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      • #112019

        Some people come here for help because these things and occurrences are beyond their level of understanding.

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    • #111751

      Check out this Investopedia article titled “Microsoft Blocks Latest Windows 10 Update”
      http://www.investopedia.com/news/microsoft-blocks-latest-windows-10-update/
      It came out on April 27

      And this International Business Times article “Windows 10 Creators Update may have bugs – do not install it manually, warns Microsoft”
      http://www.ibtimes.co.uk/windows-10-creators-update-may-have-bugs-do-not-install-it-manually-warns-microsoft-1618881

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    • #111923

      I am not amused at all about the way Microsoft keeps issuing releases that are not polished enough

      This is not clear at all. Is this just because there is a perception that it is so?
      Microsoft has a known record of good and bad patches and Woody is probably the most knowledgeable person on the planet when it comes to Microsoft patching history.
      I don’t find recent patches as being worse quality than usual on average.

      The problem is also that I now fear that I might get unlucky and not just have to remove a patch, but get deeper issues that takes a much longer time to fix, like some folks who got partitions issues.

      I am not fully aware about the partition issues, although I read a little bit about it.
      It may be related to the known fact that every upgrade tends to create an additional Recovery hidden partition, which I tend to remove and it comes back again at the next major update. The cycle repeats itself and I cannot say that I am very pleased with that implementation. The partition issue may have something to do with the maximum number of 4 primary partitions for an MBR drive. You see, I tend to ignore this sort of issues because I can control them relatively easily, although it takes me few days to bring things back in control the way I want them to be.

      Home version? It is outside of my scope. I have to draw a line somewhere. There is no excuse though to have Pro downgraded to a lower status than Enterprise, when Enterprise is not widely available. In Windows 7 times, Retail Enterprise was named Ultimate and even then Pro was of equal status. Now, we don’t have the luxury of buying Enterprise or equivalent through retail channels and in such a situation, it is expected that Pro is the closest retail version available.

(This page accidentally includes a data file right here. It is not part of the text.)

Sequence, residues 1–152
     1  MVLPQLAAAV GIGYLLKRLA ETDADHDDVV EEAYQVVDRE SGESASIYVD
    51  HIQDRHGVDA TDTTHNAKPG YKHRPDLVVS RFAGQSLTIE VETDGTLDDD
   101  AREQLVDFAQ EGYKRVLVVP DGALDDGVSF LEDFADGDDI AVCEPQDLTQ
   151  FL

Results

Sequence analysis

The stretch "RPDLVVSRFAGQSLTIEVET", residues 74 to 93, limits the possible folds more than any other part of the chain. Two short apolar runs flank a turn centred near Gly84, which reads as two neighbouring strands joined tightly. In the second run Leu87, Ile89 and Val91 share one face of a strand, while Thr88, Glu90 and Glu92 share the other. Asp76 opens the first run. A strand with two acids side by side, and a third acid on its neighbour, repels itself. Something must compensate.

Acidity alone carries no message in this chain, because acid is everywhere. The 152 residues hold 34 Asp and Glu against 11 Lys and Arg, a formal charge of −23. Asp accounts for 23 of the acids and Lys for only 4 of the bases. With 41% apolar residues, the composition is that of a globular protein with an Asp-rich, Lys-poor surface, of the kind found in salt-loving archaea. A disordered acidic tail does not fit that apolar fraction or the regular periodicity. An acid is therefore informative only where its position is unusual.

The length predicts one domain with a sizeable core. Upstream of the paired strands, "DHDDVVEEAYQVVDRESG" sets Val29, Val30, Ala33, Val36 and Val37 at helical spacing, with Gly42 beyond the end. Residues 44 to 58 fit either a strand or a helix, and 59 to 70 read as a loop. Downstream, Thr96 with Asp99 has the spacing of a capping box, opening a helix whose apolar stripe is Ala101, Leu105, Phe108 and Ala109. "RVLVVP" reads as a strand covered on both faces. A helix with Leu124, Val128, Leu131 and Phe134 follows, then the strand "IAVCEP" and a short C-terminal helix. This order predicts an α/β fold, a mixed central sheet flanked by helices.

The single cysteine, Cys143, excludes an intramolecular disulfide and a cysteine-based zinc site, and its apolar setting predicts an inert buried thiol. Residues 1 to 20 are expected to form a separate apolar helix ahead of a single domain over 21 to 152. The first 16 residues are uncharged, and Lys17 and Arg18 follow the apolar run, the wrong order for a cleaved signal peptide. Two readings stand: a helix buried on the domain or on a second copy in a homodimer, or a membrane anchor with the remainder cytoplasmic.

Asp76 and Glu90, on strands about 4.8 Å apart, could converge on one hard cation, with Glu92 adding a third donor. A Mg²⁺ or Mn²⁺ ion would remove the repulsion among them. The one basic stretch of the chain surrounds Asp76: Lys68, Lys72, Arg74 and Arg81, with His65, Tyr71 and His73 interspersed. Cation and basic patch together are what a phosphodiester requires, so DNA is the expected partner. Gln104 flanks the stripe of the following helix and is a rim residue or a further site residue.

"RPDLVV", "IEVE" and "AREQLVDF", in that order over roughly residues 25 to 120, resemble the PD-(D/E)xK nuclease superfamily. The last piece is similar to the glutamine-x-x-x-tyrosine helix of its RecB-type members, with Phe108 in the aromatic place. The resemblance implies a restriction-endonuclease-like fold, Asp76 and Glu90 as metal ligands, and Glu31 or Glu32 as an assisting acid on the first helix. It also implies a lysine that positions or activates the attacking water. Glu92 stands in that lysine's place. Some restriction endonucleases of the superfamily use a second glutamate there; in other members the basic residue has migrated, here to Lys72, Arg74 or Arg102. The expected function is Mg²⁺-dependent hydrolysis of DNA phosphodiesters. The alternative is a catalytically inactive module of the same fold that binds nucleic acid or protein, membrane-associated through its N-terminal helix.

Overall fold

It is not about blaming confused users. It is more about some users who believe that they are owed the highest quality hard to find information while they know better and do not have much to give, instead preferring to complain forever.
      I don’t have an interest in reading that sort of “fluff” or even “superfluff” and I think that those posts should go in the rants area.

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      • #112002

        I appreciate your position on Pro vs Enterprise. We share that opinion. I have a bit of the same feeling with Home, though. I feel that since Home is what comes on store bought PCs and Microsoft made it harder for IT people that helps folks at home or even small businesses friends to manage the computer just enough for them to have a quite good experience without needing Pro, I have an issue with it. Yes, they could buy Pro over their Home version, but I don’t think they should have to do that, just with all previous versions where Home was fine for many of those scenarios. Windows 10 is the first Windows where I would not say don’t waste your money on Pro for many people.

        regarding the issue of patches, I meant the whole reliability issue in a larger context, not just the fact that patches are more or less buggy thna before. Issuing a new Windows version every 4 months on a thight schedule will not help reliability and from what we have seen up to now even without the only 4 months delay, it doesn’t look good. I used to be more like you and would even tell people go ahead patch and I will help if any issue arise, but now I don’t feel the reliability of initial CB deserves this recommendation. Imappreciate MS effort to deploy more slowly when they identify issues though.

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        • #112050